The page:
Regarding the association with the number of sexual partners, it was verified that the variables that could be included in the regression model were age, gender, religion, family income, maternal level of schooling, alcohol consumption, binge drinking in the last 30 days, age at the first dose of alcohol, and alcohol consumption in the lifetime. However, after the multinomial regression adjusted for sex, the variables that remained were age, religion, mother's education, engaging in binge drinking in the last 30 days, age of the first dose, and alcohol consumption in the lifetime.

For females, it was observed that individuals aged ≥15 years had a 3-fold higher chance of having one sexual partner and a 14-fold higher chance of having two to five partners. For male individuals at the same age group, the chance of having two to five partners was 18.15-fold higher, while the chance of having six or more partners was 9.05-fold higher. It can be inferred that although older adolescents of both genders showed greater exposure to sexual risk behavior, males were more susceptible to this behavior, which is agreement with literature data.22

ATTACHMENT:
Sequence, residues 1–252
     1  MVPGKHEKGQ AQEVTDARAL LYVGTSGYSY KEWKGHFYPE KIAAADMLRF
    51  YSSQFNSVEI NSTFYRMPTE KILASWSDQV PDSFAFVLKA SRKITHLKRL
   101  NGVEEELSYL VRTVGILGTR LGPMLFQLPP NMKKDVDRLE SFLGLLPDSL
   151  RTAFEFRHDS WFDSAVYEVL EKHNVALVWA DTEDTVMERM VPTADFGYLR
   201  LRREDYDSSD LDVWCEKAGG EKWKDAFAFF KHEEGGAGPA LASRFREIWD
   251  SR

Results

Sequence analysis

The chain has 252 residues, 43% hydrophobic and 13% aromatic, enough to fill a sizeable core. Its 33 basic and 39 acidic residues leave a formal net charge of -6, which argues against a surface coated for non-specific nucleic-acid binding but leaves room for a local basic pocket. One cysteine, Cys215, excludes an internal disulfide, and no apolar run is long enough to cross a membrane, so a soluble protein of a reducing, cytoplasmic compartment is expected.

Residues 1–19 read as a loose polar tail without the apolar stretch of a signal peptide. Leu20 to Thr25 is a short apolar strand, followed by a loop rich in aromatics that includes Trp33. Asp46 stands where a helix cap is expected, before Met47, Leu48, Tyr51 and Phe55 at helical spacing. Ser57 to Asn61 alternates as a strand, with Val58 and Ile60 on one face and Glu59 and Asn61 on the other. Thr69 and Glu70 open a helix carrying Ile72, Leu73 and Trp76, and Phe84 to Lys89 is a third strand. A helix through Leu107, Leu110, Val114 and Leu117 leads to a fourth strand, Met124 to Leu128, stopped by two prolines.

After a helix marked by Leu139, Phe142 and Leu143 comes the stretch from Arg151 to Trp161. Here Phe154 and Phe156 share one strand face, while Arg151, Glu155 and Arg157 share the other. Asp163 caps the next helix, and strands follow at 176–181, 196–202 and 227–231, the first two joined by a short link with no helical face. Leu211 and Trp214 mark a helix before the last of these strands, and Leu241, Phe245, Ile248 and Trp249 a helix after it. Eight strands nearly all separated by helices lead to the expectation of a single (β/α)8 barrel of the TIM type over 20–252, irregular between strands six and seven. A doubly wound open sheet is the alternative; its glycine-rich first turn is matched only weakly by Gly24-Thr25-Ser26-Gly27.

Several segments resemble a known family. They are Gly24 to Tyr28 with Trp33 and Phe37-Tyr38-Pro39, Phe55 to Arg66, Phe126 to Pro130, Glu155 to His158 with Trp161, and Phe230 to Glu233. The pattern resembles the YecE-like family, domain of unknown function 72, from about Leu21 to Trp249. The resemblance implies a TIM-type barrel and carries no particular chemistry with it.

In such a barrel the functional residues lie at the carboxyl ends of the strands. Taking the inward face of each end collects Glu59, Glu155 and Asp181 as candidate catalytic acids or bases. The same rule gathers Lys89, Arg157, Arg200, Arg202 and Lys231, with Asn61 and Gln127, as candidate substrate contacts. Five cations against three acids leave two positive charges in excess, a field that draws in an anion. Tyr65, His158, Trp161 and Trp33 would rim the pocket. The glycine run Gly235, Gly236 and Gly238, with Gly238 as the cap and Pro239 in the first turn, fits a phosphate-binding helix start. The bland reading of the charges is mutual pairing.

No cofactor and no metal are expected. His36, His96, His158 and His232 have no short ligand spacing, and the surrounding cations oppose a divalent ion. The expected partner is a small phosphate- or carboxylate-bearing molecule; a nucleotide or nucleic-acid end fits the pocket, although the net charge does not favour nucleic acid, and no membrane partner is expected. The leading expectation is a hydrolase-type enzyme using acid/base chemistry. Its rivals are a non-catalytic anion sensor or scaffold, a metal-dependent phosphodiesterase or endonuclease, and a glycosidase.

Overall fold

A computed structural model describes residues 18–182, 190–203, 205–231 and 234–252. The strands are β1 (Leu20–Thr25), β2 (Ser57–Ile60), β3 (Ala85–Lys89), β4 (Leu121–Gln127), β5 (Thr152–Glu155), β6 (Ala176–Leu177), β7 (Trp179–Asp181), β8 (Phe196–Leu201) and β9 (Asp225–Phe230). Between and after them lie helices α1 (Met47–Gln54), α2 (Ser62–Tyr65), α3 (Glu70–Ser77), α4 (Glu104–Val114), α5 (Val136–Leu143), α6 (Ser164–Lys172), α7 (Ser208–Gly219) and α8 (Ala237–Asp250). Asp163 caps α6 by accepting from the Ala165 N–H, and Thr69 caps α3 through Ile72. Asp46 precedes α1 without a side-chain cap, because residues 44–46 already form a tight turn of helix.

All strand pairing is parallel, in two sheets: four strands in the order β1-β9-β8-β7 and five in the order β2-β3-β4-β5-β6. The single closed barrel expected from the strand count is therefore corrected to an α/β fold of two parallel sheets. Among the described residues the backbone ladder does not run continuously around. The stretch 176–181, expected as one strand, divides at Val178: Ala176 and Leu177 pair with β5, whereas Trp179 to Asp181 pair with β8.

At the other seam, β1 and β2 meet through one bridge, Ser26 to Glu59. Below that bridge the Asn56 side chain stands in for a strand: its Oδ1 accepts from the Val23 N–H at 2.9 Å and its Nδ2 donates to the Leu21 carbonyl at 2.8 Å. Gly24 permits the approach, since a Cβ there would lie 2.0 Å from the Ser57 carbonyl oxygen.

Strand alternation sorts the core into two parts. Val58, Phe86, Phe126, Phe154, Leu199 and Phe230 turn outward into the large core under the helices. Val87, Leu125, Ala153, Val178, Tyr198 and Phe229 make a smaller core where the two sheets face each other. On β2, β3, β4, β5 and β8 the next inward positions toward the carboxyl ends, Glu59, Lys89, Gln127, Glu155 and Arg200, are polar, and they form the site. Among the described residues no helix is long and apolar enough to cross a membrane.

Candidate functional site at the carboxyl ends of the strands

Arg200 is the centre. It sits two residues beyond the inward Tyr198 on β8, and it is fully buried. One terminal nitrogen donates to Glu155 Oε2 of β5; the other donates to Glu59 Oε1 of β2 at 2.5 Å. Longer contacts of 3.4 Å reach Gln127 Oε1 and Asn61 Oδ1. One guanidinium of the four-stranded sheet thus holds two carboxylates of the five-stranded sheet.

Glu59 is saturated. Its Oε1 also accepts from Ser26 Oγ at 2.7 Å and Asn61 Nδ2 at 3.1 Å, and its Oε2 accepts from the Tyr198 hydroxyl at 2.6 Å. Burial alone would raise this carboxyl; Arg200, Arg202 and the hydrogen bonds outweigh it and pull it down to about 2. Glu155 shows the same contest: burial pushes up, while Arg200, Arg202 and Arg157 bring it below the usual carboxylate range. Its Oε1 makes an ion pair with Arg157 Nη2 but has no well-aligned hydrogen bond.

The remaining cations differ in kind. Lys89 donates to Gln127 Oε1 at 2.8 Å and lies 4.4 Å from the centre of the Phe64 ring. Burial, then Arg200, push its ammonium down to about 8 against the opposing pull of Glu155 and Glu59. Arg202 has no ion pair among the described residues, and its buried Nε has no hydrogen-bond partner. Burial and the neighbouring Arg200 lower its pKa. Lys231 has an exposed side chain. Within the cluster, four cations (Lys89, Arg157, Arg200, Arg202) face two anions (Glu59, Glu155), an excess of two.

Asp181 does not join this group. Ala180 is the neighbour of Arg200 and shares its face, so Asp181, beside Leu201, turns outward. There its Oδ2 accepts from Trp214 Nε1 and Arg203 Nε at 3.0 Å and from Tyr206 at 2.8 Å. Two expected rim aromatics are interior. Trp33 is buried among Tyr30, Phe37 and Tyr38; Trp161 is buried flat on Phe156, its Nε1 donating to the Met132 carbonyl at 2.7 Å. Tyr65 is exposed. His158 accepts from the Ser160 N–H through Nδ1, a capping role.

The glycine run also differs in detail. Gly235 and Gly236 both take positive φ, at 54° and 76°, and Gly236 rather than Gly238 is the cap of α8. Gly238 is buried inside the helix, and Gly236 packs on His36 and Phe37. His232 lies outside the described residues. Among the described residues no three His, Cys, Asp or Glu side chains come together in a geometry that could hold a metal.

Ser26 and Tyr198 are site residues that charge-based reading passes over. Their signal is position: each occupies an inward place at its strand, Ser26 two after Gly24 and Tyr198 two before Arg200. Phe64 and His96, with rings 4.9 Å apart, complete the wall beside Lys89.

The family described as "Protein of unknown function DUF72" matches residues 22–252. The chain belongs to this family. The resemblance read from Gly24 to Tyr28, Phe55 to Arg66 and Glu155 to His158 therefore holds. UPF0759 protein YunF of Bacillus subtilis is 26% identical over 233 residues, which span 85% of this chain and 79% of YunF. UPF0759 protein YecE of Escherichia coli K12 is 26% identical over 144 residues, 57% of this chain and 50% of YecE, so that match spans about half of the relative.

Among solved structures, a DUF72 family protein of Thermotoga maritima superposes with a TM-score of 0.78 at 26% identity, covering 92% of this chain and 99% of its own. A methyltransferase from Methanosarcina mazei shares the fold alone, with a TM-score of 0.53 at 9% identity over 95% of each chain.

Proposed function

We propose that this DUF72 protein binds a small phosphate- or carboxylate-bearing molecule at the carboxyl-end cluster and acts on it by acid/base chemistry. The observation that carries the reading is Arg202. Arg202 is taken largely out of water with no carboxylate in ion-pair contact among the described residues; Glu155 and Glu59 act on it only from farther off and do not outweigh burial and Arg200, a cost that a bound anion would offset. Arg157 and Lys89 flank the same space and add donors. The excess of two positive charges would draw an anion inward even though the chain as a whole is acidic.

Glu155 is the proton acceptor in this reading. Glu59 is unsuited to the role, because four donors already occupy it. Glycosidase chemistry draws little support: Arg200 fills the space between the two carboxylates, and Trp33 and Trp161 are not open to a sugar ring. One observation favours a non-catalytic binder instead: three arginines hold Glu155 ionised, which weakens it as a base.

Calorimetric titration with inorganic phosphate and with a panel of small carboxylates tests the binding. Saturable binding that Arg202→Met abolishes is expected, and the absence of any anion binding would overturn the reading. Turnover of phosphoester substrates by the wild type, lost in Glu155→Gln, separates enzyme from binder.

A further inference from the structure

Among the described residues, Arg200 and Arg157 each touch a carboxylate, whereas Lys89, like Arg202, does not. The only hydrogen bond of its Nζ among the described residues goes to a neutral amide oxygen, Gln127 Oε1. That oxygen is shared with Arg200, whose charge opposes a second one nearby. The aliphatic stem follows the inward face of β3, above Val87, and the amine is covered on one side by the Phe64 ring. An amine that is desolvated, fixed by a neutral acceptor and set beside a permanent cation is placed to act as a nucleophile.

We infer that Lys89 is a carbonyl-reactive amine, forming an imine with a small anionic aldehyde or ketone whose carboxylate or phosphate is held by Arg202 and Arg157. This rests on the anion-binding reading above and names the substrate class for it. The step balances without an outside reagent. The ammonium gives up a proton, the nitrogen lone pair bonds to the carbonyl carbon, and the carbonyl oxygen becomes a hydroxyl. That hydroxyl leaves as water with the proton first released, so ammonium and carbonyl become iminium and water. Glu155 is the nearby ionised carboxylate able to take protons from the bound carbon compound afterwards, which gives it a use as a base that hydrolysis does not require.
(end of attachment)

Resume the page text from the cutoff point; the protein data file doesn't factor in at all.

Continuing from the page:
Regarding religiousness, boys who mentioned not having any religion had a 3.55-fold higher chance of having two to five sexual partners. Therefore, the present study suggests that the presence of religious beliefs influences the sexual behavior of adolescents. The dissemination of standards on what would be considered correct imposed by some religions, as well as conditions, such as the prohibition of having sexual intercourse before marriage or with multiple partners, can act as attenuating factors for sexual risk behavior.1,16,17,27,28

As for the results related to maternal level of schooling, it was found that girls whose mothers had incomplete high school education or less had a 3.37-fold higher chance of having two to five sexual partners. Thus, maternal low level of schooling can be considered as an exposure factor for female adolescents to have a sexual risk behavior.